Fay B, Deal J, Lipski A. Care and feeding of health sciences institutional repositories: funding and administration models. Poster presented at: Meeting of the Midwest Chapter of the Medical Library Association; October 7, 2019; Milwaukee, WI.
Poster presented at: Meeting of the Midwest Chapter of the Medical Library Association; October 7, 2019; Milwaukee, WI.
Introduction: As more hospitals/health care systems (H) and medical schools (MS) launch institutional repositories (IR), there has been little attention paid to differences in funding and administering. We formulated questions focusing on funding, administration, and barriers to starting an IR in two types of health sciences institutions.
Methods: A 12-question survey (Survey Monkey) was sent to a list of bepress health care network customers as well as regional and state medical library list-servs. The survey was open for three weeks and four reminders were sent. A total of 45 responses were received (35 with IR, 10 without IR). Incomplete responses were included in the final data.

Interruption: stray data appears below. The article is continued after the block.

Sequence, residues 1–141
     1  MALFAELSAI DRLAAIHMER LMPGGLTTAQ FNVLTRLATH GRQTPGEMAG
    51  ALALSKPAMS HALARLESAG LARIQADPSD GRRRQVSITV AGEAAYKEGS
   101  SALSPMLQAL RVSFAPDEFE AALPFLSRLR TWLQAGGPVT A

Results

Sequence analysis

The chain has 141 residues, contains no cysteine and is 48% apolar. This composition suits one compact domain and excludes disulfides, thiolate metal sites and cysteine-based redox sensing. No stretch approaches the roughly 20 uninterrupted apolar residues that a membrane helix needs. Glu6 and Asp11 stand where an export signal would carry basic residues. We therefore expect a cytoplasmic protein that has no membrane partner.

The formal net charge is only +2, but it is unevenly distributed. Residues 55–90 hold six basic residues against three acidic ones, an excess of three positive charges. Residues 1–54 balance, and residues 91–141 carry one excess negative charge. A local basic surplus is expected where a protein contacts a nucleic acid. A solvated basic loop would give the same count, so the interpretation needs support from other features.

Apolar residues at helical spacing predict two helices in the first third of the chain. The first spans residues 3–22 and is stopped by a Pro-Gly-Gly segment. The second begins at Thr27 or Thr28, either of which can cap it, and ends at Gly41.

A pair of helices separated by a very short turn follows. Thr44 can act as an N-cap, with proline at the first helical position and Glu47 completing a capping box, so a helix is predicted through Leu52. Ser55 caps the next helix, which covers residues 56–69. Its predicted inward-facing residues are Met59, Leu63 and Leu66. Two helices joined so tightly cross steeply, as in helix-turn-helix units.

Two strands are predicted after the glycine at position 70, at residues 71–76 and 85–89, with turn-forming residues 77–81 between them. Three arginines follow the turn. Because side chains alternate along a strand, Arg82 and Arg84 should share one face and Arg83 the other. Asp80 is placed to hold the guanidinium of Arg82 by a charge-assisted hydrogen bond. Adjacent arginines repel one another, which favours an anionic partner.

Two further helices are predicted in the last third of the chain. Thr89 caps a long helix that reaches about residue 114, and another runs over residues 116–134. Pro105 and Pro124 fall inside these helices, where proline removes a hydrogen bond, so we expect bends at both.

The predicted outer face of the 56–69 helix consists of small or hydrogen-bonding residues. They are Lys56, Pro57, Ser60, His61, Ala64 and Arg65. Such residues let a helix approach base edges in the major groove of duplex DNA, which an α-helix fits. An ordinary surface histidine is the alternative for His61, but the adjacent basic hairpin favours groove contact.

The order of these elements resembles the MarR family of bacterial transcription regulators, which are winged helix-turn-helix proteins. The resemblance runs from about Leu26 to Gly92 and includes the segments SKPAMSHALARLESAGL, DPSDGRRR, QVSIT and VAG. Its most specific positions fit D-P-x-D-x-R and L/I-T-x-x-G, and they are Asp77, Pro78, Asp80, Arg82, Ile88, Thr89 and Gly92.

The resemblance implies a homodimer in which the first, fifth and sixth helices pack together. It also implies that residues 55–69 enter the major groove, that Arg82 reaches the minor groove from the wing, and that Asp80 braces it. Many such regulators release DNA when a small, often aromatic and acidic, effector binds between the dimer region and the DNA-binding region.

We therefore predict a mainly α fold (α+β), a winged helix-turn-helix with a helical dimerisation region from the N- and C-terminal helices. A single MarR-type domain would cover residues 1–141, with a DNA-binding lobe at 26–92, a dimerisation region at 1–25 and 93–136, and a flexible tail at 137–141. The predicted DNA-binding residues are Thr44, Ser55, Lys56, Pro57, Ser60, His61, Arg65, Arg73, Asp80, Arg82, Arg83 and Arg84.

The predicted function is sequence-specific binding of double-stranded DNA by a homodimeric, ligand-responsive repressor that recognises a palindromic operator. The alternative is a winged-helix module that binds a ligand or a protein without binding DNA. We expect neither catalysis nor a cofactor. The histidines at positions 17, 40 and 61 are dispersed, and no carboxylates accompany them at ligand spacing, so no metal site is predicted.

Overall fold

Results: IR administration was primarily through the medical library in both institution types (H: 14, MS: 9). However other departments such as medical education (H: 1, MS: 1), research units (H: 2), and the university library (MS: 1) were represented. IR funding was also primarily through libraries (H: 14, MS: 9) with research entities also providing funds (H: 2). For places without an IR, the top two barriers for both health care and medical school IRs were funding (H: 5, MS: 3) and lack of support from administration (H: 3, MS 2).
Conclusion: Among respondents, most IRs were funded and administered by medical libraries. However other departments including medical education, research, and a university-wide library also provide support. Since survey data identified a lack of funding as the primary barrier to an institution having a repository, one solution could be to approach other departments, particularly those already involved in scholarship, to help shoulder the costs. Medical education and research departments in hospitals could become additional sources of funding.